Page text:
If you try to compile a list of African American female folk singers, only a handful of names would likely come to mind: Tracy Chapman, Nina Simone, and maybe Elizabeth Cotten if you’re a music buff.
The list is even shorter when considering artists of today.
Enter Sye Elaine Spence, a 29-year-old New York City native who began cultivating her folk sound after relocating to Atlanta.
“I think it’s actually been very rewarding for me to represent something that is different, that is unique for a black woman to do,” she said. “I’ve been on this kick to kind of show that we can do all types of beautiful things. I think that’s a part of my motivation to kind of continue in a path that hasn’t been paved before.”
Like most folk singers storytelling is her focus. Her rich vocals are peppered with a bit of melancholy, charm, and effortless soul as she paces each phrase with pure emotion.
“For me I do see it as folk music but folk music is essentially the music of the people and my stories are really essentially things that I’ve been through and kind of reminiscent of the human condition in general,” she said. “So for me when I say folk music it’s really more than just a sound. It’s really the soul of where I’m coming from as a storyteller.”
On Long Live The Summertime, the closing track on BLOOM, her debut EP, Spence transports listeners to a beautiful summer day in Georgia, where, suddenly sweet tea, crickets, swinging screen doors, and ice cream cones become tangible.
On Repeat, her latest tune, Spence offers up a mix of chaos and calm as she emotes above the swift strumming of an acoustic guitar.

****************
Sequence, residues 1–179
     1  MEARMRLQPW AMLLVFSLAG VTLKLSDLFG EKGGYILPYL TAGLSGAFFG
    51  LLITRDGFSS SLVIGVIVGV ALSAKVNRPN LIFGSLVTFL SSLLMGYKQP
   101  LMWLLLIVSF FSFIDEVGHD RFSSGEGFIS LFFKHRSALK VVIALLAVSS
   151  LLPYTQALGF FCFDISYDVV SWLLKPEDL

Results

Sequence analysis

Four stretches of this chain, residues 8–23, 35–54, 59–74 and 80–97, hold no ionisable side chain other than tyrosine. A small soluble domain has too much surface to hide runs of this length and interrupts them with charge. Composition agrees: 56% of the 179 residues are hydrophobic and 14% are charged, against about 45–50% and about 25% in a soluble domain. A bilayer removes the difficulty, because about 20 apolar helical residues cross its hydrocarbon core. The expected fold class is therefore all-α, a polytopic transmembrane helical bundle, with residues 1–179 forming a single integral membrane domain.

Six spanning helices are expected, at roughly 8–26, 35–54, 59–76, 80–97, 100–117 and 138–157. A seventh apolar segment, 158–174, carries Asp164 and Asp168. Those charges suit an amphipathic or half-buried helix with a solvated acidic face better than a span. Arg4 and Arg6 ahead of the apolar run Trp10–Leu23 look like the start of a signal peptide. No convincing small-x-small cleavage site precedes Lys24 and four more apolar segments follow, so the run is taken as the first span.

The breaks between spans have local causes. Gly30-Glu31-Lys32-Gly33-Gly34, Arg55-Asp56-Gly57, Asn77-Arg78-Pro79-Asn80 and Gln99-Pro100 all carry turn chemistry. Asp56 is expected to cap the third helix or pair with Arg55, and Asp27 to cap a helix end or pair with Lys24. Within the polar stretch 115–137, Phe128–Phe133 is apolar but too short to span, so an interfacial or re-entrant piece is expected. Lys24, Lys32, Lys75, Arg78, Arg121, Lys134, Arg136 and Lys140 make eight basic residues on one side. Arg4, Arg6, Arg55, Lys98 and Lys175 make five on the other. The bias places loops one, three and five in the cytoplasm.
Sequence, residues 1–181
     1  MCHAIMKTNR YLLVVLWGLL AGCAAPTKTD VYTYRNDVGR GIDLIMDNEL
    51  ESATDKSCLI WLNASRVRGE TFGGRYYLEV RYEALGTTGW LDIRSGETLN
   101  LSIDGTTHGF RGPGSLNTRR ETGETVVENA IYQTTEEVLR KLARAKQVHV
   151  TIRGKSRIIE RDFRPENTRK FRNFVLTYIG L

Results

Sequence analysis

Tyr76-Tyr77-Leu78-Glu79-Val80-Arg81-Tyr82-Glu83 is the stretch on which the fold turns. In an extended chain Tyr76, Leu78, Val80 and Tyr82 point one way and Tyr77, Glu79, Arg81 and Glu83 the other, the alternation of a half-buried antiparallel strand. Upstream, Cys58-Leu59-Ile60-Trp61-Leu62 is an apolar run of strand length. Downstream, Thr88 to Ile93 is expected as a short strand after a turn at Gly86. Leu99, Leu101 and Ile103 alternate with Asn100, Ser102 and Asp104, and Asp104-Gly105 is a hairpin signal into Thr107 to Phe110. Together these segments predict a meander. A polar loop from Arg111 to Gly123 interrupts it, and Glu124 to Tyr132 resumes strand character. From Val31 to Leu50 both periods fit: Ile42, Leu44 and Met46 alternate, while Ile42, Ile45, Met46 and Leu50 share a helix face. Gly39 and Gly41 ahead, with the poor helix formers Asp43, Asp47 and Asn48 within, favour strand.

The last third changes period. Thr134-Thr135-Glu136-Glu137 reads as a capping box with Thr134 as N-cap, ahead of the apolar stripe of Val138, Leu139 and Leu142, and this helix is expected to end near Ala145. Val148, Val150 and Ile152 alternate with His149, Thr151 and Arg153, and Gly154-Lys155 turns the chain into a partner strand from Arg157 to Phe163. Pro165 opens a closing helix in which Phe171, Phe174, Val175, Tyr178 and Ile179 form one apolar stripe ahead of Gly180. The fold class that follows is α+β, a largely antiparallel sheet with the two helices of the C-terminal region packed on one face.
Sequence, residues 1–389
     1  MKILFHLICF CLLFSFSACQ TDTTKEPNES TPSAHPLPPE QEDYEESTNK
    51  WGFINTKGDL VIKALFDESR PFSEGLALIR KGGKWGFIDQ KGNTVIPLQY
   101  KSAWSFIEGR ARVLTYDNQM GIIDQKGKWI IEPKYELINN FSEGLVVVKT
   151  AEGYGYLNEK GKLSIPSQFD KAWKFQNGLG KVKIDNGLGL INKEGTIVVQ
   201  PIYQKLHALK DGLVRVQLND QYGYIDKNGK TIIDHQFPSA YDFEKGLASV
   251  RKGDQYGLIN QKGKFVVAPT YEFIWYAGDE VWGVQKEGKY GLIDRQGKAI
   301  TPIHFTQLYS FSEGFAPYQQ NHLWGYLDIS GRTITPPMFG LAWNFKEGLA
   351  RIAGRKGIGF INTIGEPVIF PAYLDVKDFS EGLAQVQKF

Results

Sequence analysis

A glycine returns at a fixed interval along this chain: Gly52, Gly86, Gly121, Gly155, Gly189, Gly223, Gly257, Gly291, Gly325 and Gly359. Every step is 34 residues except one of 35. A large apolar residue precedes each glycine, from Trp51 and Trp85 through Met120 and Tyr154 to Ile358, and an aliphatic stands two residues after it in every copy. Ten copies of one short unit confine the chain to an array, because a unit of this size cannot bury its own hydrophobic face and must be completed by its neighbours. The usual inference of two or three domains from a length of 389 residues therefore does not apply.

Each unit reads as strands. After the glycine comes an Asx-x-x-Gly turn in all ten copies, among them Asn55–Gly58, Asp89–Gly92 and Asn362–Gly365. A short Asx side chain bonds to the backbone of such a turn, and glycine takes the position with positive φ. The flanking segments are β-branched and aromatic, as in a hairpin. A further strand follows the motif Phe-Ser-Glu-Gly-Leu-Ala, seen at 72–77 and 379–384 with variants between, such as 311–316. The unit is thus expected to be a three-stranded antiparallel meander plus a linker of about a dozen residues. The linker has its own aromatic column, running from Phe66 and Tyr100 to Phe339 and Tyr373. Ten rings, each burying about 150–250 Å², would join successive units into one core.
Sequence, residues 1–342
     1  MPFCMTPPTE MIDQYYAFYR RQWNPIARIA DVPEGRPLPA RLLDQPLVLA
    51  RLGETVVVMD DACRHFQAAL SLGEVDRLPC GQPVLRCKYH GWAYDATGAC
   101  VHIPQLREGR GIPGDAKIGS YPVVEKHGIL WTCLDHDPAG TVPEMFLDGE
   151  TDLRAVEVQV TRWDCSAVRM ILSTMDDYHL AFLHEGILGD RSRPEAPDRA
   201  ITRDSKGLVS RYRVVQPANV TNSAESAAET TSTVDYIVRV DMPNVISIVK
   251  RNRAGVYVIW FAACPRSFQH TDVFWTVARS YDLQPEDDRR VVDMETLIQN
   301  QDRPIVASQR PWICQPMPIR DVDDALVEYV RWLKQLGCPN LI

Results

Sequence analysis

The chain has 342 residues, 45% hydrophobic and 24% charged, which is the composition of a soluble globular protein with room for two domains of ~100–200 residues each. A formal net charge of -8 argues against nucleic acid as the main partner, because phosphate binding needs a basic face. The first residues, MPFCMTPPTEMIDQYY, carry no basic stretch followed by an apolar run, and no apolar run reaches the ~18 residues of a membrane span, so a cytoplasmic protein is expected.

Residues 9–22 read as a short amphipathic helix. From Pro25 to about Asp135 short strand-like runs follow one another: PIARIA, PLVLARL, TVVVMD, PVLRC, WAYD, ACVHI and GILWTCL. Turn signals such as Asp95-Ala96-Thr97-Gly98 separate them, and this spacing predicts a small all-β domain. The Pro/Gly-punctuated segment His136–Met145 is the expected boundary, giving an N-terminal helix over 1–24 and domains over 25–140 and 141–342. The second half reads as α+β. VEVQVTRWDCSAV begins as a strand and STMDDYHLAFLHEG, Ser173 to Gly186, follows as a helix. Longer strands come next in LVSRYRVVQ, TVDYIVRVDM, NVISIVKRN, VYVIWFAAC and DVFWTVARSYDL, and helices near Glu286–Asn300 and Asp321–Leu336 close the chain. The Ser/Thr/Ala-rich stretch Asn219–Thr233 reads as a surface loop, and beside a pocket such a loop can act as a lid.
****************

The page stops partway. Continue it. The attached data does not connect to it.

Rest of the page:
“Repeat started off as a poem I wrote in memory of my stepfather who passed away in 2012 and it’s the first time that I’ve ever experienced a loss of someone so suddenly especially someone so close to me,” she explained. “I presented the lyrics to Michael [Osowski]. We got together and what I remember explaining to him is that I wanted it to feel like chaos that transcended into something beautiful. Essentially that’s how I viewed the loss and then coming to peace with the person and the memories and playing those on repeat.”
The video for the track is the perfect compliment—no story line, just an embodiment of grief and loss by the film’s sole character played by actress, Chayna Douglas. Evan Brown of Dreambear Productions seemed destined to direct it after losing his sister just a few months before discussing the meaning of song with Spence.
“It was really kind of like this surreal moment where we realized that we wanted to do this piece of work and it was kind of something bigger than us,” said Spence who is now embarking on the next step in her musical journey. She recently completed the writing for upcoming project which she plans to begin recording soon. But there’s no rush, she says. She prefers to take her with her music as she continues to push the envelope.
Purchase music by Sye Elaine Spence on itunes.